Nowadays the average age a child gets a smart phone is 10. Additionally many have access to the internet via a mobile device/game console. Our world is only going to become more technologically-driven. Everyday technology, such as self-driving vehicles and robots are becoming real possibilities. Simply teaching children computer science will help them live in the world now and the future world.
By the time they leave HFS, pupils will have gained key knowledge and skills in the three main areas of the computing curriculum:
…… Aspire not to have more, but to be more……
Computing replaces Information and Communication Technology (ICT), with a greater focus on programming rather than an operating program. The computing skill is an essential skill that children must develop in order to access the modern world. Technology surrounds us and is developing at an ever-increasing pace. In order to equip our children for this, we must develop their critical thinking skills and encourage an exposure to a range of technology so that they may adapt to new technologies as they arise.
The Computing Curriculum 2014 aims to ensure that all pupils can understand and apply the most important principles and concepts of computer science, including abstraction, logic, algorithms and data representation. In other words, it gives children the necessary skills to break down a problem, predict what will happen and use logic to find a solution through practical experiences.
At Holy Family we are dedicated to helping each child acquire the above-mentioned skills. The following strands are taught in all the year groups:
This involves children being taught computer science, which includes the art of programming and coding from Years 1-6 as well as in the Foundation Stage. Computing is taught both explicitly and discretely where it underpins lessons in other areas of the curriculum.
Computer Science is taught in its most simplest form by playing operational games like 'Simon says', 'Everybody do this', 'Follow the leader' etc. This ensures that children understand the need to follow instructions and listens to commands. They would then progress to looking at physical objects like Beebots in cross curricular learning. In addition, children will also be encouraged to use iPad apps like Beebot app, Daisy the dinosaur, Toca boca building, ALEX and Scratch Jnr where the children can progressively apply the computing skills.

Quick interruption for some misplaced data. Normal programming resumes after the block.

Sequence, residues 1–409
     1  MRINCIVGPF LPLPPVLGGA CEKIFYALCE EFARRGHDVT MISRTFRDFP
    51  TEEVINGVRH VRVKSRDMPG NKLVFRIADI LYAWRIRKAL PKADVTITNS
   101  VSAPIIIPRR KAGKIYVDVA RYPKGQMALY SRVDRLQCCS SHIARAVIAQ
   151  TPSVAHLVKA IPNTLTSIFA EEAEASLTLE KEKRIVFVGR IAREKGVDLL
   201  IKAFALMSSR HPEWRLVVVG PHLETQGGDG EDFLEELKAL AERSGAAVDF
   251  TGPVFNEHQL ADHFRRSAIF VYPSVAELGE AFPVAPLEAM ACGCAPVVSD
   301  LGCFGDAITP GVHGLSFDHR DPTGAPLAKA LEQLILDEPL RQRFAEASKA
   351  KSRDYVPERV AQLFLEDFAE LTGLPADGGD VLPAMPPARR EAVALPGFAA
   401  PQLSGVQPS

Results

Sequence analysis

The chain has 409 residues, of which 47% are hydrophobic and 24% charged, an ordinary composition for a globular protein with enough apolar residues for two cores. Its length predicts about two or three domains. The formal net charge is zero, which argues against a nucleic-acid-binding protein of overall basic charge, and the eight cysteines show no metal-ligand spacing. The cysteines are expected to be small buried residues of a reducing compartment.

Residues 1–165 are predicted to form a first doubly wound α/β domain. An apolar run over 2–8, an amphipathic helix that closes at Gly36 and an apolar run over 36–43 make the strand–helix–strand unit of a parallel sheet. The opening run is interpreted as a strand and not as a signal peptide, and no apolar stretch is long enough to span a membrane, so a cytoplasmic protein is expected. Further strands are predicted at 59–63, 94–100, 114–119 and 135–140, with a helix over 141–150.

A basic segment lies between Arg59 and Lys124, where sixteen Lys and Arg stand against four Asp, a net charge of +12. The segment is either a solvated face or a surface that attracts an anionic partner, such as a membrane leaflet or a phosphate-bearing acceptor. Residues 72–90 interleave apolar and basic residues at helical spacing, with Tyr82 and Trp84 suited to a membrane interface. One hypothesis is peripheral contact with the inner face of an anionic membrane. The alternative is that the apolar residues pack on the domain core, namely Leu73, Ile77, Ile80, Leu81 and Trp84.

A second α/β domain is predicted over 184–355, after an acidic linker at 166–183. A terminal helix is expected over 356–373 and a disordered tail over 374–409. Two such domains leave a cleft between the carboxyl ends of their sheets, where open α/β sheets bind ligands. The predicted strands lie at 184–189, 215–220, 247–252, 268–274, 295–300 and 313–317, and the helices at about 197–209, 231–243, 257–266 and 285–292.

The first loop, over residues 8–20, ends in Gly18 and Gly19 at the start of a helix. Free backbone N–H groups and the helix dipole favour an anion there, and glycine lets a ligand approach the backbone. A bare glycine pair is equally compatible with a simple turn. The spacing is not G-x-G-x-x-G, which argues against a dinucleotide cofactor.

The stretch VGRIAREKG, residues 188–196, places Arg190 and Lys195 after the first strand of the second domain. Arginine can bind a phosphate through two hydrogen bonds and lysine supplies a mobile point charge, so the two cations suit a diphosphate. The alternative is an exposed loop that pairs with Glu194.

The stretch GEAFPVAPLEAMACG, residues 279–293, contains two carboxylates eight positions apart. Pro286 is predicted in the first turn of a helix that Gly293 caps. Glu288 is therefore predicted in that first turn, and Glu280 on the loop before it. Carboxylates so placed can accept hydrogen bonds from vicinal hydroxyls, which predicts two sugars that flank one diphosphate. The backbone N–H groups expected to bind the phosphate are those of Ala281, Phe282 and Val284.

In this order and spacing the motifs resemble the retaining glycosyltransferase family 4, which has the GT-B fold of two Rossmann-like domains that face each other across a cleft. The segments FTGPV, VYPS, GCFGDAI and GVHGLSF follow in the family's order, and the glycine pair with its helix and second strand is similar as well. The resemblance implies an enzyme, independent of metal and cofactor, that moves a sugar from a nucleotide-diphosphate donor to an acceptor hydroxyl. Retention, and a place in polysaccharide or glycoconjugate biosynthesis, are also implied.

Key Stage 1
Children will be learning what algorithms are, which will not always involve computers. When explained as "a set of instructions" these ideas can be illustrated using recipes, or by breaking down the steps of children's morning routines. But they will also be creating and debugging simple programs of their own, developing logical reasoning skills and taking their first steps in using devices to create, organise, store, manipulate and retrieve digital content using apps like Scratch Jnr, ALEX, Daisy the dinosaur; software programmes like j2code and use of equipment like Beebots and Probots.
Key Stage 2
Computing is taught through discreet programming lessons using the software Scratch and Raspberry Pi where the children learn about data, algorithms, repetition, iteration and computer networks. Children will be creating and debugging more complicated programs with specific goals and understanding concepts like variables and sequence, selection and repetition in programs. They will be developing their logical reasoning skills and learning to use websites and other internet services. This will enable children to develop an understanding of the principles of Computer Science by promoting and developing their computational thinking.
Creative use of IT
This involves children's purposeful use of digital technologies across the curriculum to create, organise, store, manipulate and retrieve digital content as well as recognise common uses of information technology beyond school.
This involves the teaching of eSafety where children are taught to use technology safely and respectfully, keep personal information private and evaluate the internet content for suitability and report any inappropriate webpages to staff and parents.